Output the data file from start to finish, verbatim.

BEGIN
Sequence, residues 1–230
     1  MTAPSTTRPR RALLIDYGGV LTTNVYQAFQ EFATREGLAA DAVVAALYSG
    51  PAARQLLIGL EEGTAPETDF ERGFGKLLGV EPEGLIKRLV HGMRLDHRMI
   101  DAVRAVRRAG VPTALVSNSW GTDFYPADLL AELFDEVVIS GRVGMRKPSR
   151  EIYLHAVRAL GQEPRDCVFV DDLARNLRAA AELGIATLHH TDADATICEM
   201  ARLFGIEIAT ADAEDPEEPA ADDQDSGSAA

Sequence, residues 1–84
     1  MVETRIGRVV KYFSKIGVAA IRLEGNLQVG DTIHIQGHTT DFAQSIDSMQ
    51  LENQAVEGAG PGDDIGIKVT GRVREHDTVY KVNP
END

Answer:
Sequence, residues 1–230
     1  MTAPSTTRPR RALLIDYGGV LTTNVYQAFQ EFATREGLAA DAVVAALYSG
    51  PAARQLLIGL EEGTAPETDF ERGFGKLLGV EPEGLIKRLV HGMRLDHRMI
   101  DAVRAVRRAG VPTALVSNSW GTDFYPADLL AELFDEVVIS GRVGMRKPSR
   151  EIYLHAVRAL GQEPRDCVFV DDLARNLRAA AELGIATLHH TDADATICEM
   201  ARLFGIEIAT ADAEDPEEPA ADDQDSGSAA

Sequence, residues 1–84
     1  MVETRIGRVV KYFSKIGVAA IRLEGNLQVG DTIHIQGHTT DFAQSIDSMQ
    51  LENQAVEGAG PGDDIGIKVT GRVREHDTVY KVNP